A review of  I Am Sam” by Jeanne Aufmuth

 

Stars: ** 1/2

Rating: PG-13 for language, mature themes

Run Time: 2 hours, 9 minutes

 

 

An astonishing performance by Sean Penn highlights this powerful but saccharine twist on the unconventional side of parenthood.  Penn is Sam Dawson, a mentally disabled man who is left alone to raise his baby Lucy when the birth mother abandons them. Sam’s parenting skills are based on affection and routine – Wednesday nights at IHOP, video night on Thursday, Fridays at the local karaoke bar.  His tightly-knit group of equally mentally challenged friends support Sam’s inconceivable challenge with childlike enthusiasm and humor.

When daughter Lucy (Dakota Fanning) is old enough to attend school, the fragile family foundation begins to crack.  Unwilling to surpass the intellectual growth of her father (stagnant at a mental seven years old), Lucy holds back in school and refuses to progress.  Her teachers are alarmed, and alert the Department of Child Services.  Lucy is removed from the only home she’s ever known by the county authorities and placed with an eager foster mother (Laura Dern).  Reluctant to give up the little person who is his heart, Sam seeks help in the form of legal counsel, randomly choosing an impressively-named law firm from the Yellow Pages.  The lucky winner is Rita Harrison (Michelle Pfeiffer), a driven workaholic who agrees to take on the case pro bono to provoke her partners.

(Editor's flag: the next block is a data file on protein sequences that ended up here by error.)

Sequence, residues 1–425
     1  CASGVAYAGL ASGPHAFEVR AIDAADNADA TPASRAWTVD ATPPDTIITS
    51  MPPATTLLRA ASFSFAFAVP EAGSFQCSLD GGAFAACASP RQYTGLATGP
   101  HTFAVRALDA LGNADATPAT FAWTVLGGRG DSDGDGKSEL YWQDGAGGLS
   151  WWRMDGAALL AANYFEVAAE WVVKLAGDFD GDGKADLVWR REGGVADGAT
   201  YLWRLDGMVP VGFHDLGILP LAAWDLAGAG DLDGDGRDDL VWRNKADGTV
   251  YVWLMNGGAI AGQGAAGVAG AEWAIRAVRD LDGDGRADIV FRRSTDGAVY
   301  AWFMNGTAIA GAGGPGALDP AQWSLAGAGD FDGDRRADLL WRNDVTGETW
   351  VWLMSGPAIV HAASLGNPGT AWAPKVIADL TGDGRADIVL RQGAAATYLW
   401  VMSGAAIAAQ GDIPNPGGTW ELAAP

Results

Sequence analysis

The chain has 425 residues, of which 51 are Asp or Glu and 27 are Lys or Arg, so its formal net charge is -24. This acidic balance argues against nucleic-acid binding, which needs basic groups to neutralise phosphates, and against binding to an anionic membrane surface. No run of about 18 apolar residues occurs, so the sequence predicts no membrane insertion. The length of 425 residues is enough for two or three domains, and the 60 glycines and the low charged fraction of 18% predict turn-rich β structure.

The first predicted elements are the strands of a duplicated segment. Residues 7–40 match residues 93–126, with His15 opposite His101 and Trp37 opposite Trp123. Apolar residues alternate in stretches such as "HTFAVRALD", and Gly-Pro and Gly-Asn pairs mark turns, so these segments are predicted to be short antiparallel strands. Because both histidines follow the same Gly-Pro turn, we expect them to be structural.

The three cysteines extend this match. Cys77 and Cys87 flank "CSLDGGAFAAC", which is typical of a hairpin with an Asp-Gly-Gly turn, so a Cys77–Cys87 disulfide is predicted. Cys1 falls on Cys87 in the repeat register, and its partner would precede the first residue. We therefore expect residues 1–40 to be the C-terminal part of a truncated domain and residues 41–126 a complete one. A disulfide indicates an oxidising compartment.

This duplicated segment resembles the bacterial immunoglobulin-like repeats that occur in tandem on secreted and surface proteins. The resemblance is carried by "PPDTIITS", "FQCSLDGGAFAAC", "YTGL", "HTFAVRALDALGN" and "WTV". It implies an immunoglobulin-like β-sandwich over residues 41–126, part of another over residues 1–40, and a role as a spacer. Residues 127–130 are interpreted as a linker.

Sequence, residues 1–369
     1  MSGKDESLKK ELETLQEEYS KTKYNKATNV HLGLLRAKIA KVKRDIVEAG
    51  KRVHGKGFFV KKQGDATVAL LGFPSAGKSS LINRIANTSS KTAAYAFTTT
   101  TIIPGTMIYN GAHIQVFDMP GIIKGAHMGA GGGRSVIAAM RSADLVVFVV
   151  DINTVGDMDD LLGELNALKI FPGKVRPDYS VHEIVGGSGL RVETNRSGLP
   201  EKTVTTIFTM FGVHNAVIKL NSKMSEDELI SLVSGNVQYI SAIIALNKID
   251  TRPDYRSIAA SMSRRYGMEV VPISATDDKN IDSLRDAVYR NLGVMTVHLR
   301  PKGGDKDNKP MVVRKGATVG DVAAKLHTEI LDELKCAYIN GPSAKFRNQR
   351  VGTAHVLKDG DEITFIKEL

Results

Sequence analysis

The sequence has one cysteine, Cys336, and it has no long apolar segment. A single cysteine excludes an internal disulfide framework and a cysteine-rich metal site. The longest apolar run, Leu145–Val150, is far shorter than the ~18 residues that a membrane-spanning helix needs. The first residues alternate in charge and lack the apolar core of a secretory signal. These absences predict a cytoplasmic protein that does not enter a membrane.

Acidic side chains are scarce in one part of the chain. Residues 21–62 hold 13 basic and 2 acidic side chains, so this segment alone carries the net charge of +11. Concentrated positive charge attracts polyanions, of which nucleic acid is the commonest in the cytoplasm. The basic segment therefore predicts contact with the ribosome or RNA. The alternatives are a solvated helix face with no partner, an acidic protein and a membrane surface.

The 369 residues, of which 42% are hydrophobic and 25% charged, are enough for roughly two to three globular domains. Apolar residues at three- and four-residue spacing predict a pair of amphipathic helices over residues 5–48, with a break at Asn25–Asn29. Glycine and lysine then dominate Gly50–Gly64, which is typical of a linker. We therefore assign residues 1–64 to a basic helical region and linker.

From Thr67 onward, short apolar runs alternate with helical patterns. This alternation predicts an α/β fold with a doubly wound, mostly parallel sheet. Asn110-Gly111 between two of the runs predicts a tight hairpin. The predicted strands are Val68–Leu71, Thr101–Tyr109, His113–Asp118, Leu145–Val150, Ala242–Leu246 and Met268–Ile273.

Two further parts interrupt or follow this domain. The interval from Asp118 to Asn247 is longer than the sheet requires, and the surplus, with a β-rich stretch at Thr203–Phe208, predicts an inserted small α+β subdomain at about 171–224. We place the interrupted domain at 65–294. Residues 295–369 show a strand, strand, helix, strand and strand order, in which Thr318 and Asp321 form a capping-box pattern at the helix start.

What could have been a great movie (due to the strong performances of Penn and Pfeiffer) is merely an average one because of director Jessie Nelson’s penchant for manipulation.  From Fanning’s too-cute command of her role as the angelic crutch to a disappointingly pat conclusion, “Sam” gives good melodrama but pushes too many TV-disease-of-the-week hot buttons. Agonizing plot setbacks set a solid dramatic tone while a hilarious answering machine snafu adds well-timed comic relief, but it’s mired in frothy soap opera scum. 

Penn embodies the emotion of a difficult parenting situation with grit and glory, and Pfeiffer’s inner child transformation resonates with truth. Both performance scream Oscar with obvious relish (which will kill their chances of being recognized by the Academy).   Full-length homage to the Beatles is unbearably cheesy, and doesn’t add much in the way of narrative flow.